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|22nd June 2010, 09:43||#1|
Join Date: May 2002
GeForce GTX 470 SLI against Radeon HD 5970
If you keep track of what is going on in the graphics card industry, you should know that AMD has met but little competition since the release of the Radeon HD 5000 architecture. Even the single-processor Radeon HD 5870 could often beat the dual-processor GeForce GTX 295 whereas the dual-processor Radeon HD 5970, released somewhat later, left no chance to Nvidia products. Now that Nvidia has introduced graphics cards based on the Fermi (GF100) architecture, the situation begins to change. At least Nvidia has got solutions that are functionally as good as AMD’s ones.
However, our tests showed that even the flagship model of the new series, GeForce GTX 480, cannot beat the Radeon HD 5970 singlehandedly because the latter has got the combined power of two RV870 graphics cores. Such a feat would require more computing muscle. In other words, there is only one way for Nvidia to throw the long-time king of the 3D world off its throne. It is by releasing a dual-processor GF100-based graphics card. But it would be very difficult to build a card with two GF100 cores, highly sophisticated and power-consuming as they are, if both were to work in full configuration. As a matter of fact, even the GeForce GTX 295 was a pair of GeForce GTX 275, but not GTX 285, cards! ASUS did develop the latter version, but its Mars GTX 295 turned out a highly expensive product and was released as a limited edition only. It couldn’t change anything in the market situation.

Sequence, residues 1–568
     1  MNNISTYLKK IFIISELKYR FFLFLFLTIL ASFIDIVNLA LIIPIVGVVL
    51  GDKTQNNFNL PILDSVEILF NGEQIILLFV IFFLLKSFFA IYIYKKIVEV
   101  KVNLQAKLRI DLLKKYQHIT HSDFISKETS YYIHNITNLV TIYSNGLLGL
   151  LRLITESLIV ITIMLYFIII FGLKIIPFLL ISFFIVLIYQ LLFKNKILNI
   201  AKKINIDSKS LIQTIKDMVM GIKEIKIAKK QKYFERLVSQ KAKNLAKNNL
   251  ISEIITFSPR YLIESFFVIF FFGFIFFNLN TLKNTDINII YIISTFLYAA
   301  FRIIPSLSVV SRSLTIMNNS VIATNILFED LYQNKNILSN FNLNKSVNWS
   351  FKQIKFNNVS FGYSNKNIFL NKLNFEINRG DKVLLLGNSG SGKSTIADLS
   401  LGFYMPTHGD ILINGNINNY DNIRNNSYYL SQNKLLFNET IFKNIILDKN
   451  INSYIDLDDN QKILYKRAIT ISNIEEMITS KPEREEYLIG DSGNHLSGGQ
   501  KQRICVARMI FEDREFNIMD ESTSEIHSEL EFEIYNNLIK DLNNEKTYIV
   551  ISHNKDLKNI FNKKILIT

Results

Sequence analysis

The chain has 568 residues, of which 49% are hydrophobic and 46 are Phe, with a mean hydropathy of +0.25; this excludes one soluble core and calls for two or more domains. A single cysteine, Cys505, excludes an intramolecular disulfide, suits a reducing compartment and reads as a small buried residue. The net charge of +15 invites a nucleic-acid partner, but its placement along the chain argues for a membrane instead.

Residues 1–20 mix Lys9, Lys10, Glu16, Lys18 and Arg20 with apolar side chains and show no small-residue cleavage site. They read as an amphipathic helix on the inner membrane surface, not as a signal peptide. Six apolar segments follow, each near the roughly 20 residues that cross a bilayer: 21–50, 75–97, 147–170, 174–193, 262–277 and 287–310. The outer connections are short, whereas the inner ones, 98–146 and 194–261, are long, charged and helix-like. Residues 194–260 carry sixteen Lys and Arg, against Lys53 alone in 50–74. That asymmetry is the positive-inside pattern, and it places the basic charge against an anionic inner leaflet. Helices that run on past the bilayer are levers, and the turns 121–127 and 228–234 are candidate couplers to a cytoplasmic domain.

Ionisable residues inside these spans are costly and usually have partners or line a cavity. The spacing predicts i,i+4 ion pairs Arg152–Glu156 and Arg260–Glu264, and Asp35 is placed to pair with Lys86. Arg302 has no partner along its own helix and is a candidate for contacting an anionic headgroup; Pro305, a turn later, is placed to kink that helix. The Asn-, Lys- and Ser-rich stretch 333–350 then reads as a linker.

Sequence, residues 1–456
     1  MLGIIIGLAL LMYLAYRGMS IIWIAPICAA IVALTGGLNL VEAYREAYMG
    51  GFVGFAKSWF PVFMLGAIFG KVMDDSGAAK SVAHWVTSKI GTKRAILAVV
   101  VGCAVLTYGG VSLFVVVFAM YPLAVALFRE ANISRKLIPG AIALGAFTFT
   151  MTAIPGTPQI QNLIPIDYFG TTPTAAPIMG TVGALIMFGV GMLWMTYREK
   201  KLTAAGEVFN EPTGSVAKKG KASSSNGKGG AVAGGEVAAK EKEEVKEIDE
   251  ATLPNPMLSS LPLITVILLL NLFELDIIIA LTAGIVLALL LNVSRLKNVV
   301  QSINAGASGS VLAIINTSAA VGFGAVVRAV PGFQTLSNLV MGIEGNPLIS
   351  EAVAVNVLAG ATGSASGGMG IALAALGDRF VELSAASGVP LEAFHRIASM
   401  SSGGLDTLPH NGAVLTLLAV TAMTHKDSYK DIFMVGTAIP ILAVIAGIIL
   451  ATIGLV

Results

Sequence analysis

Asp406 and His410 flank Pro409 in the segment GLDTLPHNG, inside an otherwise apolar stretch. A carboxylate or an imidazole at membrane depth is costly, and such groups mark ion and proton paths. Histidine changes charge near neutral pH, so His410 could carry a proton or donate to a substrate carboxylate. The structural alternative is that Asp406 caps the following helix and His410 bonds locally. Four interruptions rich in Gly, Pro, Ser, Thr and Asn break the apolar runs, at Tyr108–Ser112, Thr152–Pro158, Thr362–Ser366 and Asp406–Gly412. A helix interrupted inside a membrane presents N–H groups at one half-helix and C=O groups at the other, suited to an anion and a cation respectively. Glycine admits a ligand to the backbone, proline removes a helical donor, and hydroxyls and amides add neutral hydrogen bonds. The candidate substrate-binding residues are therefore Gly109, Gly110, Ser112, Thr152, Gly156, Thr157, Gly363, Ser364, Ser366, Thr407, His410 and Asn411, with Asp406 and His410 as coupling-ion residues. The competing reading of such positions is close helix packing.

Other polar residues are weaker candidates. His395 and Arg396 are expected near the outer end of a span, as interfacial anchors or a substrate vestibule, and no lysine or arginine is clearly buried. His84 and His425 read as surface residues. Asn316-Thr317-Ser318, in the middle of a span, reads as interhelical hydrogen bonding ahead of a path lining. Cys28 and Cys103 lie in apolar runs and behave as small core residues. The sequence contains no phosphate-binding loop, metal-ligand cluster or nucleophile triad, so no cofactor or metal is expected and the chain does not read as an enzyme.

If Nvidia indeed has a dual-processor GF100-based card on its plans (it might be called something like GeForce GTX 490 or 495), the specs of that solution would be identical to the specs of a GeForce GTX 470 SLI configuration. That is, the card would have 968 ALUs, 112 TMUs, and 80 RBEs. Considering the scalar Fermi architecture, this should suffice to compete with the Radeon HD 5970 even if the GPU clock rates are lower than those of the GeForce GTX 470.